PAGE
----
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The Plays of Pam Gems: Personal/ Political/ Personal

  • Katherine H. Burkman

Abstract

Emerging as a dramatic presence on the British stage in the 1970s, Pam Gems has contributed her many talents to that scene and beyond ever since.1Lyn Gardner even calls her ‘the grand dame of British Theatre’,2 partly because, despite Caryl Churchill’s successes in America, Gems is the one who found her way onto the West End stages of the British establishment and has been a prolific contributor to that scene since, writing some twenty plays in ten years for it. As part of what John Russell Brown has called the second wave of contemporary British playwrights, comprising the political, the fringe, and women’s theatre, her work has been involved with all aspects of that wave.3 The politics of her plays are more focused than that of the first wave, ushered in by John Osborne’s 1956 production of Look Back in Anger, and it is the particular mixture of the personal and the political that marks her contributions to the dramatic scene.

Keywords

British Establishment Feminist Consciousness Grand Dame Theatre Club Young Lover 
These keywords were added by machine and not by the authors. This process is experimental and the keywords may be updated as the learning algorithm improves.

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Notes

  1. 1.
    For a complete list to 1988 of the plays of Pam Gems (b. 1925), see Contemporary Dramatists, ed. D.L. Kirkpatrick (London: St James Press, 1988). Since 1988, Gems has published two novels: Mrs Frampton (1990) and Bon Voyage, Mrs Frampton (1990).Google Scholar
  2. 2.
    Lyn Gardner, ‘Precious Gems’, Plays and Players, 379 (April 1985) 12.Google Scholar
  3. 3.
    See Roger Cornish and Violet Ketels, Landmarks of Modern British Drama: the Plays of the Seventies (London/New York: Methuen, 1985) p. vii.Google Scholar
  4. 4.
    See Susan E. Bassnett-McGuire, ‘Towards a Theory of Women’s Theatre’, in Semiotics of Drama and Theatre: New Perspectives in the Theory of Drama and Theatre, ed. Herta Schmid and Aloysius Van Kestereu (Amsterdam/Philadelphia: Benjamines, 1984) p. 448.Google Scholar
  5. 5.
    According to Michelene Wandor, radical feminists hate men as the enemy, bourgeois feminists seek to be equal to men in a man’s world, and socialist feminists seek to change the economic and political systems which have fostered gender problems (Cornish and Ketels, p. xx).Google Scholar
  6. 6.
    Phyllis Mael, ‘Beyond Hellman and Hansbury: the Impact of Feminism on a Decade of Drama by Women’, Kansas Quarterly, 12, 4 (1980) 143.Google Scholar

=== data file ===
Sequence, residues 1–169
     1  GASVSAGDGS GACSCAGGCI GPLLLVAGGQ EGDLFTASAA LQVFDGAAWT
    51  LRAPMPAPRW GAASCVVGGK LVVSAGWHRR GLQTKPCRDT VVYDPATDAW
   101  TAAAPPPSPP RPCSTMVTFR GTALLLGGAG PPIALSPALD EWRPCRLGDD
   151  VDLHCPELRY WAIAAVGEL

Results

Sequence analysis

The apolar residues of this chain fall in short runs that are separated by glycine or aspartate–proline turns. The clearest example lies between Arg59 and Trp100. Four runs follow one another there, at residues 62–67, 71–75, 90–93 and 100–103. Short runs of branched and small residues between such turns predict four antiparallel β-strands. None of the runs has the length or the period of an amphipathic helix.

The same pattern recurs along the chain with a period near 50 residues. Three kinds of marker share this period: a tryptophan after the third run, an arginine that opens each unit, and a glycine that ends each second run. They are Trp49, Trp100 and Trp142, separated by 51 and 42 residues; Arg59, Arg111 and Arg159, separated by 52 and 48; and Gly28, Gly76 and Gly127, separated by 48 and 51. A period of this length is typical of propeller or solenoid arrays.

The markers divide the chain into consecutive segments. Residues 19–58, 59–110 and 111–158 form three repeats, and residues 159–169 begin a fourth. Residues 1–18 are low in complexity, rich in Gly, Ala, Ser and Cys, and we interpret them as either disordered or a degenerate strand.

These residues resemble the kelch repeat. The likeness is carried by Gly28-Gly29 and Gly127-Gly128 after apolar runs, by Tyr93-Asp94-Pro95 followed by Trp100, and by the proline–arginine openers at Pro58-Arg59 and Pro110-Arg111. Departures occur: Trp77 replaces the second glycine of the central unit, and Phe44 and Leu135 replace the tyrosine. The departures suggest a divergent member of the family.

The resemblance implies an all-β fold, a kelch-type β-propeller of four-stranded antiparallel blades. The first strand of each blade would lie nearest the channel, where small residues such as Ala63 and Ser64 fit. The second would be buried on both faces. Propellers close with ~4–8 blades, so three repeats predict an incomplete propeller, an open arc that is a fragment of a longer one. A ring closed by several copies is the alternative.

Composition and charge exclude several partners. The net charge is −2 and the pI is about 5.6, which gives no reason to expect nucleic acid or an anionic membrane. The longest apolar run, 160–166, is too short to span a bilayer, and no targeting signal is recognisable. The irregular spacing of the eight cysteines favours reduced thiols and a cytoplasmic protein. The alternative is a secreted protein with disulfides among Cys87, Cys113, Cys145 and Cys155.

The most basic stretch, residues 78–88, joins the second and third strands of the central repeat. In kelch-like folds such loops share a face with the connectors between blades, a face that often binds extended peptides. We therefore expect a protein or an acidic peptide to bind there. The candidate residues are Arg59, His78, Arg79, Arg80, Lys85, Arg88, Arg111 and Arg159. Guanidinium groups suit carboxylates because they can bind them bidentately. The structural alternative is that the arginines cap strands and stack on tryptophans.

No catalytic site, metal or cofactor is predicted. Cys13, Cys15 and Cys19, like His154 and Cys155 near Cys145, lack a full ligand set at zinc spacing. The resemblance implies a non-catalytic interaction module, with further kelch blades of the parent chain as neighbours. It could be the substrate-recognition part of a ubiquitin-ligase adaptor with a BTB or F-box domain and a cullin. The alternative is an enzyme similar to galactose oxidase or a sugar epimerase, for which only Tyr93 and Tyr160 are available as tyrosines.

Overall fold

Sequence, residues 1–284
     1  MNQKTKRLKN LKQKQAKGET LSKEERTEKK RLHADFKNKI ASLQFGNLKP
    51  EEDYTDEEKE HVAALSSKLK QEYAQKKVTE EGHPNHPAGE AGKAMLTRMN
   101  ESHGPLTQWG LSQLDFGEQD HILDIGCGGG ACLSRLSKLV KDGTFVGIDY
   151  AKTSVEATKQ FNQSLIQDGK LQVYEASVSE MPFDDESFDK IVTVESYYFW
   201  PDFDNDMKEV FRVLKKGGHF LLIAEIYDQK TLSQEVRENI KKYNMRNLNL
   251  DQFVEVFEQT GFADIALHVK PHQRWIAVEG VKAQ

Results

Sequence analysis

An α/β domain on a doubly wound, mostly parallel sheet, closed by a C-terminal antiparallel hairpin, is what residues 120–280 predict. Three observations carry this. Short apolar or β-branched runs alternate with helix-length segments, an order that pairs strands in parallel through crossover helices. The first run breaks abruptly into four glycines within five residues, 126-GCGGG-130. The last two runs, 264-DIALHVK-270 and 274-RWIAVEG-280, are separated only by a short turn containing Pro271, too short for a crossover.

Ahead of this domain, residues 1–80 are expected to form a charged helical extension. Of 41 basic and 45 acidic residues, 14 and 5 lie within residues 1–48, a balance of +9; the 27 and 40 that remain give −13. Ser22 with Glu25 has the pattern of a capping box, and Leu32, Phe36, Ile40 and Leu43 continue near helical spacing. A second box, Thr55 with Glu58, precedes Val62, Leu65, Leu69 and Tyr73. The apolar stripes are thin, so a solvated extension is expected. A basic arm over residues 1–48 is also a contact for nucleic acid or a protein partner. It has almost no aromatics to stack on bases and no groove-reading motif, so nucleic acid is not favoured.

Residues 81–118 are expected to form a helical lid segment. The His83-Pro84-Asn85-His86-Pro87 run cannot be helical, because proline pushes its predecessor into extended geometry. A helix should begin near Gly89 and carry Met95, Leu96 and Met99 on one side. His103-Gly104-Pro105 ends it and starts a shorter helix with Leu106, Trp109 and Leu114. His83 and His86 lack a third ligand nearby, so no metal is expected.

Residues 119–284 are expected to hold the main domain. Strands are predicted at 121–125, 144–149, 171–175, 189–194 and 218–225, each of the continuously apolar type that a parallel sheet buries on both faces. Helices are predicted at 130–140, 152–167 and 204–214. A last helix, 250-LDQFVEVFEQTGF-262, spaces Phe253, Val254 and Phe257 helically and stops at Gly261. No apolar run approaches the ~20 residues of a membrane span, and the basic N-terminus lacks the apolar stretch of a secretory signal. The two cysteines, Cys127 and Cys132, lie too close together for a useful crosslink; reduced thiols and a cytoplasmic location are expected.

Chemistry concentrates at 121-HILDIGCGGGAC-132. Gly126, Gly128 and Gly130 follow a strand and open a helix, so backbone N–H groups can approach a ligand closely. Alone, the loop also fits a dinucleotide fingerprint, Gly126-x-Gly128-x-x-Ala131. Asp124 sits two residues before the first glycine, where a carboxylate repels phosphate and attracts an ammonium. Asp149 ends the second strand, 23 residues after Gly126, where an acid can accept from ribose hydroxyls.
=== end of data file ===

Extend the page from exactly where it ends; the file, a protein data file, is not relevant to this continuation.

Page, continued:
7. 7.
    Claire Colvin, ‘Earth Mother from Christchurch’, Plays and Players, 347 (August 1982) 9.Google Scholar
  8. 8.
    The play moved from a fringe performance at The Edinburgh Festival in 1976 through a production at Hampstead Theatre Club to become Gems’s first West End success at the Mayfair Theatre in 1977.Google Scholar
  9. 9.
    Bassnett-McGuire, p. 452.Google Scholar
  10. 10.
    Sally Aire, ‘Queen Christiana’, Plays and Players, 25 (Dec. 1977) 31.Google Scholar
  11. 11.
    Dusa, Fish, Stas and Vi (New York: Dramatists’ Play Service, 1977) 42. All quotations are from this edition; hereafter, page numbers are given in the text.Google Scholar
  12. 12.
    John Peter, [Review], Sunday Times,12 December 1976, 35.Google Scholar
  13. 13.
    Rodelle Weintraub, ‘Pam Gems’, in Dictionary of Literary Biography: British Dramatists Since World War II, ed. Stanley Weintraub (Detroit: Gale Research Co., 1982) pp. 192–8. The comparison with Pinter is an interesting one, in that Pinter’s plays, One for the Road and Mountain Language, were greeted critically as a departure from his apolitical drama. With the playwright’s own help, however, critics are currently looking back at his more ostensibly ‘personal’ dramas and realising how their power struggles were always political ones at heart.Google Scholar
  14. 14.
    All quotations from Piaf are from Three Plays: Piaf, Camille, Loving Women (Harmondsworth, Middlesex: Penguin, 1985). Page numbers will be given in the text.Google Scholar
  15. 15.
    Janelle Reinelt, ‘ Beyond Brecht: Britain’s New Feminist Drama’. In Performing Feminisms: Feminist Critical Theory and Theatre, ed.Sue-Ellen Case (Baltimore/London: Johns Hopkins UP, 1990) p. 150.Google Scholar
  16. 16.
    Margaret Crosland, Piaf (New York: G.P. Putnam’s Sons, 1985).Google Scholar
  17. 17.
    Susan L. Carlson, ‘Women in Comedy: Problem, Promise, Paradox’, in Drama, Sex and Politics, ed. James Redmond (Cambridge: Cambridge UP, 1985) p. 167.Google Scholar
  18. 18.
    Crosland, p. 179.Google Scholar
  19. 19.
    Katharine Worth, ‘Images of Women in Modem English Theater’, in Feminine Focus: the New Women Playwrights, ed. Enoch Brater (New York: Oxford UP, 1989) p. 6.Google Scholar
  20. 20.
    Worth, p. 13.Google Scholar
  21. 21.
    All quotations from Camille are from Three Plays: Piaf, Camille, Loving Women (Harmondsworth, Middlesex: Penguin, 1985). Page numbers are given in the text.Google Scholar
  22. 22.
    Gardner, p. 13.Google Scholar
  23. 23.
    Giles Gordon, ‘The Danton Affair’, Plays and Players, 396 (Sept. 1986) 28.Google Scholar
  24. 24.
    Charles Spencer, ‘Aunt Mary’, Plays and Players, 347 (Aug. 1992) 35; Colvin, p. 9.Google Scholar
  25. 25.
    Colvin, p. 9.Google Scholar
  26. 26.
    Plays by Women: Volume Three, ed. Michelene Wandor (London: Methuen [Methuen Theatrefile], 1984) p. x.Google Scholar
  27. 27.
    Pam Gems, Aunt Mary, in Wandor, Plays by Women: Volume Three, p. 27.Google Scholar
  28. 28.
    Wandor, Plays by Women, p. 48.Google Scholar

Copyright information

© Palgrave Macmillan, a division of Macmillan Publishers Limited 1993

Authors and Affiliations

  • Katherine H. Burkman

There are no affiliations available

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